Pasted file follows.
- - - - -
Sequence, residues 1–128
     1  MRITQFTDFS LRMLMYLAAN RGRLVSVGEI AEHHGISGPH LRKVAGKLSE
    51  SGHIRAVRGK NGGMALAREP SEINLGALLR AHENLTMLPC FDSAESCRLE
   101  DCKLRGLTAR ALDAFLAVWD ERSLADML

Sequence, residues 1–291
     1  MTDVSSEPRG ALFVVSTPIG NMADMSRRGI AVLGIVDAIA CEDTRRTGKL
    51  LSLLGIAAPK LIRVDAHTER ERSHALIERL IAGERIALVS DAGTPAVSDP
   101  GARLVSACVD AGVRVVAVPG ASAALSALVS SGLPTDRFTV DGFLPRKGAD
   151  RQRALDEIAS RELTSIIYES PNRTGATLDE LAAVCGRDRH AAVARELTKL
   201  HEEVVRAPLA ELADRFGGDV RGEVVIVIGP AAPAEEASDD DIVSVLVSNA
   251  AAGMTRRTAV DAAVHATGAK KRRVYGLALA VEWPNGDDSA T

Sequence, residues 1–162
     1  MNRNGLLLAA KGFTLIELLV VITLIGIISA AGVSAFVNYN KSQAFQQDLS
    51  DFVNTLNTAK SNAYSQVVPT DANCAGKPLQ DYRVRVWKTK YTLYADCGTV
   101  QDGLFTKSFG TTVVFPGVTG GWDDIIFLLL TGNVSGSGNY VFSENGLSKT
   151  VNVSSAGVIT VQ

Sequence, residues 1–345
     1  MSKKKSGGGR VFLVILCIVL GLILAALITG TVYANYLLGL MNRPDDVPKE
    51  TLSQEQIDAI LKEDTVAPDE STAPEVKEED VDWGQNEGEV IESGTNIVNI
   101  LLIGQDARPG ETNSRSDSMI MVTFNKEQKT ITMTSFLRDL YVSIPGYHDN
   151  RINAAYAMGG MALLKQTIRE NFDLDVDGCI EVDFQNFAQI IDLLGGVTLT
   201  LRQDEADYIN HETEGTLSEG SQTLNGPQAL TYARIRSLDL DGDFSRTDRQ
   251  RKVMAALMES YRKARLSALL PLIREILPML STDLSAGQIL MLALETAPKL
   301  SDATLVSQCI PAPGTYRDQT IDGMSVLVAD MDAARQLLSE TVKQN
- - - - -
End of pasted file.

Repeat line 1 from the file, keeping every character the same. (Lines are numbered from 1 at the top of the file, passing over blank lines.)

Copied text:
Sequence, residues 1–128